UPDATED, Friday 4 pm: A wife who used a double-barrelled shotgun to shoot her sleeping husband in the head at close range has been found guilty of his murder.
Dale Lee Vella faced a NSW Supreme Court jury trial accused of murdering her husband, Mark Anthony Vella, while he slept at their home in Murrumbateman on 9 August 2021.
While the 54-year-old admitted killing him, jurors had to decide whether she had a mental health impairment that was so substantial she should have her liability reduced from murder to manslaughter.
Jurors deliberated for less than one day before returning to court on Friday afternoon (21 April) and delivering a verdict of guilty to murder.
Vella, who is in custody, will return to court for her sentencing hearing on 5 July.
EARLIER: A wife who allegedly held a gun centimetres away from her husband’s head when she shot him as he lay snoring in bed “wanted to remove him from the family”, jurors heard at the end of her trial.
Dale Lee Vella has been facing a NSW Supreme Court jury trial, which began last week, accused of murdering her husband, Mark Anthony Vella, at their home in Murrumbateman on 9 August 2021.
“She shot him because she wanted to remove him from the family because she felt he was emotionally abusive,” prosecutor Kate Ratcliffe alleged in her closing address on Thursday (20 April).
She said Ms Vella had a shell in her double-barrelled shotgun as well as spares in her shoes, and an expert alleged she placed the weapon’s muzzle about 30 cm from her husband’s head when she shot him through the eye.
Ms Ratcliffe said she sought help immediately afterwards and apologised to her daughter within minutes.
While Ms Vella claimed she had no memory of the shooting when she gave evidence on Tuesday, Ms Ratcliffe said that three days after the incident, she told a prison officer her husband had been snoring before she shot him.
“She knows what she did in that bedroom,” the prosecutor claimed.
Ms Vella’s barrister Greg Hoare played a video his client had recorded on the morning of the shooting during his closing address.
“I’m sorry guys, I just can’t live like this any more,” she said through tears in the footage.
“I’ve let him abuse you emotionally for years and I’ve never protected you. I’m sorry I left everything in such a mess.
“I’ve tried leaving. I’ve tried pushing him away. It won’t work. He won’t listen.”
Mr Hoare then told jurors, “If that is a deception, that is an Academy Award-winning performance”.
He said Ms Vella had been a nurses aid for many years and was a carer by nature. The main person she cared for was her legally blind husband, whose sight problems continued over the 23 years of their marriage.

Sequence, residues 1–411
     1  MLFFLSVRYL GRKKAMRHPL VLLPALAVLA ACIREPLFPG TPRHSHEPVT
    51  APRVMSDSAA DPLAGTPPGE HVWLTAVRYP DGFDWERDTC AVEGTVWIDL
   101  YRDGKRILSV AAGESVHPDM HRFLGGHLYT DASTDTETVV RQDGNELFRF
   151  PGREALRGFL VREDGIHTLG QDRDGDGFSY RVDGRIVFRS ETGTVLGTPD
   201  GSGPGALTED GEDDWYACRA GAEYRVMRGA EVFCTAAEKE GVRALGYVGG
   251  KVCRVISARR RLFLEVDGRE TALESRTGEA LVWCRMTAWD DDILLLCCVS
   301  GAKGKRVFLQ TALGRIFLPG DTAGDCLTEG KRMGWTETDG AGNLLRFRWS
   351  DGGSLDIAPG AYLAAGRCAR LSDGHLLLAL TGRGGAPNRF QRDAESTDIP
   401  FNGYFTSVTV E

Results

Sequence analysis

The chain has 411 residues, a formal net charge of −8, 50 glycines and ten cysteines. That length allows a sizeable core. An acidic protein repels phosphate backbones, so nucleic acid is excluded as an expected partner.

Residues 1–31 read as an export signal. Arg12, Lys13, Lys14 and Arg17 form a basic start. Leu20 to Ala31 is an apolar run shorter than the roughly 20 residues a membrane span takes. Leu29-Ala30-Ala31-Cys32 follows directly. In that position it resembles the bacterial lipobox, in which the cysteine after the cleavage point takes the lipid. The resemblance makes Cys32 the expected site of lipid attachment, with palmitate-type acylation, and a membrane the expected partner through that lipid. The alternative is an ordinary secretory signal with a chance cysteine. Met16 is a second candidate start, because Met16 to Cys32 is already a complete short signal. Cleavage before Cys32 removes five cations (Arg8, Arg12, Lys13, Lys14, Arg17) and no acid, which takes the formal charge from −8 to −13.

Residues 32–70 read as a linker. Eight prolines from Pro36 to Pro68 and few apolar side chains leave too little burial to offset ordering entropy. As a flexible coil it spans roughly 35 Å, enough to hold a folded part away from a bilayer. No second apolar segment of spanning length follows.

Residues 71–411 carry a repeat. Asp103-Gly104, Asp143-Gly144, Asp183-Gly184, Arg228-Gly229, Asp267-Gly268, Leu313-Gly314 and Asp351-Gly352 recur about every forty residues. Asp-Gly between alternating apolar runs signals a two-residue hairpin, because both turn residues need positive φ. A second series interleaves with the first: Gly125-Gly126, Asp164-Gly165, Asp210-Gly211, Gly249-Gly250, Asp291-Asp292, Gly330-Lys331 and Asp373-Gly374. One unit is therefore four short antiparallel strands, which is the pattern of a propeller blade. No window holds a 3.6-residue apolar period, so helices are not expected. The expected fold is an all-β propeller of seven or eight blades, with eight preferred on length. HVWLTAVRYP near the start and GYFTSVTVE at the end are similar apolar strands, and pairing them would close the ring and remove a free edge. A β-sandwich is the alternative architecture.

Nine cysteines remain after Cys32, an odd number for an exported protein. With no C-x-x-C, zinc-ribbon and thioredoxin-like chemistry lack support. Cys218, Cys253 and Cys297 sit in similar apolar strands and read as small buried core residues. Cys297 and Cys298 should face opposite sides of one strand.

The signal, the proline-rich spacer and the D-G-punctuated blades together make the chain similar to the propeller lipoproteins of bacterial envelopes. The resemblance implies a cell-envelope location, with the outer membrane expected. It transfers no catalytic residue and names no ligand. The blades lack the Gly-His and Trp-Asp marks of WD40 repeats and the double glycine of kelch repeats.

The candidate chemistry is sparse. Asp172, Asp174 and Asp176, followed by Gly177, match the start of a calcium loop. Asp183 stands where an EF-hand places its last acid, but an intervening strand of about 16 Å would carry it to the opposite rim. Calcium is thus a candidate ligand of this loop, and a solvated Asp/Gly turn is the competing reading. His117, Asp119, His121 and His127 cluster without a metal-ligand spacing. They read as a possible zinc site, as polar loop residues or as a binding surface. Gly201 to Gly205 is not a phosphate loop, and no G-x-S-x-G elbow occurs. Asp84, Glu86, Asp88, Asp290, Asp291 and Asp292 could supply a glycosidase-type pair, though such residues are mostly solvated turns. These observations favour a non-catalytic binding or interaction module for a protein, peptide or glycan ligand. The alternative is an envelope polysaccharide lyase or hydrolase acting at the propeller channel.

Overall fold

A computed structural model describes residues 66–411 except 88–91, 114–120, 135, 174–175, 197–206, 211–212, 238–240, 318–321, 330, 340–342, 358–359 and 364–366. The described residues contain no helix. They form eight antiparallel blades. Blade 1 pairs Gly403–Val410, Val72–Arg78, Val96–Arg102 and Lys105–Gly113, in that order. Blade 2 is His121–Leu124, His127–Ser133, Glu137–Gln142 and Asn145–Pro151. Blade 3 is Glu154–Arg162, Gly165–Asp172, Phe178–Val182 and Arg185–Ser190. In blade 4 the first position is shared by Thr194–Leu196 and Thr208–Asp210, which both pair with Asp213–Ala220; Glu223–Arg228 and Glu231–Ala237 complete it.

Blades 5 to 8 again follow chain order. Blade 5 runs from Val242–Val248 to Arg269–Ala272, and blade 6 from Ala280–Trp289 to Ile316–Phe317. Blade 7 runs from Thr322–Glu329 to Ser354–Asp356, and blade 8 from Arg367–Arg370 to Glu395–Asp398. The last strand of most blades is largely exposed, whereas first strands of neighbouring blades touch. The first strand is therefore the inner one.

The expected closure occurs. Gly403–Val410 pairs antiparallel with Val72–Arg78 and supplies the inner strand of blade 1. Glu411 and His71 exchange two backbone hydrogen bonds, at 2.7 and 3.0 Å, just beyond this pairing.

Mr Hoare claimed that while she was caring for him, he was verbally, emotionally and psychologically abusing her.
He said subcontractors who lived on the couple’s property described Ms Vella as being quiet, distant and sad in the lead-up to the shooting.
Also, her phone’s internet search history showed she had looked for “where do you shoot yourself to die quickly” the night before the shooting.
Mr Hoare suggested she had been looking for the most painless way to end her life.
He argued it was “rubbish” to say she knew what happened in the bedroom that night and the suggestion that it was a planned execution was “unsupportable by any of the evidence”.
He suggested his client was deeply in the throes of a depressive illness that affected her ability to understand what was happening and to control herself.
Mr Hoare said Ms Vella was not trying to escape responsibility for what she had done, admitting “she took her husband’s life”, and asked jurors to return a verdict of guilty to manslaughter.
Ms Ratcliffe agreed that Ms Vella had a mental impairment at the time of the shooting, with an expert saying she had an adjustment disorder with a depressed mood.
She also said Ms Vella may have felt her husband was domineering and controlling, but she argued there was not enough evidence to find she had a mental health impairment that could substantially impair her capacity to understand events, judge right from wrong or control herself.
She said Ms Vella may have felt justified in shooting Mr Vella, but that did not satisfy the criteria for her special defence.
“Even if you were to feel sympathy for the accused, as no doubt you probably do as you are human … that doesn’t justify you, members of the jury, in acting on that sympathy in coming to your verdict,” she told jurors.
She also said jurors might think Ms Vella had been exaggerating the claims she made about what her husband had done to her as well as deliberately trying to present him in a “poor light”.
When Justice Helen Wilson gave her instructions to jurors, she said the question was whether Ms Vella’s mental impairment was so substantial that she should have her liability for the killing reduced from murder to manslaughter.
Jurors are expected to begin their deliberations today.
Original Article published by Albert McKnight on Riotact.